Our lives are threaded through with science – from the way our cars convert petrol into energy to how food changes form when cooked at different temperatures (runny or hard-boiled eggs, anyone?). I mean, isn’t the Great British Bake Off really a science show involving a lot of cake?
Scientists often use languages and vocabularies that only very small groups of people understand – sometimes those in the same specialism aren’t even completely familiar with each others’ terminologies. It can appear that science wants to keep the rest of us at arm’s length. On my upcoming online course, Test Patterns: Poetry and Science, we are going to get closer.
The doing of science is often seen from the outside as something very serious, deeply rational and logical, and working in a lab – which is just ‘going to the office’ for thousands of people worldwide. Science seems mysterious and magical to non-scientists (and many scientists!), but from spending a year as writer-in-residence in a biochemistry lab, I saw firsthand that doing research is a curious, messy business, fraught with failure – and creativity. How do you come up with ideas for the questions you want to ask – and then design experiments that might find a way to confirm or shoot down your theory? What bits of equipment might you need? Who do you work with, how and where? If you discover something brand new, can you invent a name for your new particle/process/animal/plant/liquid/solid?
There is a long tradition of poetry about and inspired by science – and of scientists writing poetry. Examples include ‘Slide Rule’ by Heidi Williamson, former writer-in-residence at the Science Museum, whose opening lines beautifully combine the cosmological with the personal:
The universe is running away with itself
like a child on a red bike on Christmas Day.
Somewhere the wrapping is still being opened.
The present gives itself again and again.
And the child hurtles at perfect speed
across town towards nothing. Her parents are already
looking at the clock, saying
how late it is getting, how the darkness
comes so much sooner.
And 19th century physicist James Clerk Maxwell, who formulated the theory of electromagnetism, wrote poems about, among other things, molecules:
At quite uncertain times and places,
The atoms left their heavenly path,
And by fortuitous embraces,
Engendered all that being hath.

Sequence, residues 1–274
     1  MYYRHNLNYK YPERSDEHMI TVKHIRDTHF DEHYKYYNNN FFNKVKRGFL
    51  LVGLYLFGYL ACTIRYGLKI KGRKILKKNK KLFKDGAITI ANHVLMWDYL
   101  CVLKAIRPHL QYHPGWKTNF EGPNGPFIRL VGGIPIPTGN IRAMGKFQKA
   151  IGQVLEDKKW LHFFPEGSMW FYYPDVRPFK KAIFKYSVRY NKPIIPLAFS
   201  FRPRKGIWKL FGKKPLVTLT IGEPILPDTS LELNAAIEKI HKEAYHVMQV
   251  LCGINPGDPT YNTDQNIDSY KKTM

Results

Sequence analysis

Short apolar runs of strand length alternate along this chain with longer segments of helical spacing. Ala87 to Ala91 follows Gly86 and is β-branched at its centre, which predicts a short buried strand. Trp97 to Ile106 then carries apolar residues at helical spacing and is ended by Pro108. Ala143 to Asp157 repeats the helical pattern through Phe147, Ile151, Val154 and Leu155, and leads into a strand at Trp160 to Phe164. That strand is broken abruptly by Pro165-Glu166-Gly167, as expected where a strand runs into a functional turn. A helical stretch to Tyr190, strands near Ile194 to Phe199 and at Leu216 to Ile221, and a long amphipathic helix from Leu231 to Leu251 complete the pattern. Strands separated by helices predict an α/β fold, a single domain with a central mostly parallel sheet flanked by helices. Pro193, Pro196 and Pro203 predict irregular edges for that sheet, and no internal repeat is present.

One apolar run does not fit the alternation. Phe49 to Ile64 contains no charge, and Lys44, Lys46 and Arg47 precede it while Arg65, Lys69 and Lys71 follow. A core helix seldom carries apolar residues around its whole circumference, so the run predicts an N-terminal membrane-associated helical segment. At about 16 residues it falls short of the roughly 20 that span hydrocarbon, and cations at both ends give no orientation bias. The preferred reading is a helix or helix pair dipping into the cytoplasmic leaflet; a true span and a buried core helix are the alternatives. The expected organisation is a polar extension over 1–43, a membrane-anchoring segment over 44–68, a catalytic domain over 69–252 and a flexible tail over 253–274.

And though they seem to cling together,
And form “associations” here,
Yet, soon or late, they burst their tether,
And through the depths of space career.
So we who sat, oppressed with science,
As British asses, wise and grave,
Are now transformed to wild Red Lions,
As round our prey we ramp and rave.
Thus, by a swift metamorphosis,
Wisdom turns wit, and science joke,
Nonsense is incense to our noses,
For when Red Lions speak, they smoke.
Hail, Nonsense! dry nurse of Red Lions,
From thee the wise their wisdom learn,
From thee they cull those truths of science,
Which into thee again they turn.
What combinations of ideas,
Nonsense alone can wisely form!
What sage has half the power that she has,
To take the towers of Truth by storm?
Yield, then, ye rules of rigid reason!
Dissolve, thou too, too solid sense!
Melt into nonsense for a season,
Then in some nobler form condense.
Soon, all too soon, the chilly morning,
This flow of soul will crystallize,
Then those who Nonsense now are scorning,
May learn, too late, where wisdom lies.
Williamson and Clerk Maxwell did it their way – we are going to do it our way. On my course, we’re going to stand on the shoulders of giants, a phrase often used in the world of science to explain how great innovators build on – or radically veer off, like Einstein – the work of those who have come before. We will play with science in a way you probably weren’t allowed to do at school, firstly dreaming up our own Fantasy Laboratory, where each of us will research whatever we’d like in whatever way we want. We will take inspiration from scientists directly through interviews such as Jim al Khalili’s The Life Scientifique on Radio 4; videos of scientists at work on JOVE, the Journal of Visualized Experiments; and wonder-filled TV programmes like the BBC’s Blue Planet. We will steal – as all the best writers do – from the treasure chests of science words, like the glorious ‘lamellipodia’, ‘macrophage’, ‘charmed quark’ and ‘aerodonetics’ – without first needing to study them enough to pass any exams.
Increasing our curiosity about everything and everyone around us sounds suspiciously like the way poets work, too. So let us make like scientists and come together to share our workings. The world of science is our oyster, cauldron, universe, toolbox, the world’s largest and most powerful particle accelerator…
Peer into the world of science and scientists to gather inspiration for new poems on Test Patterns: Poetry and Science, a new online course with Tania Hershman. Book online or ring us on 0207 582 1679.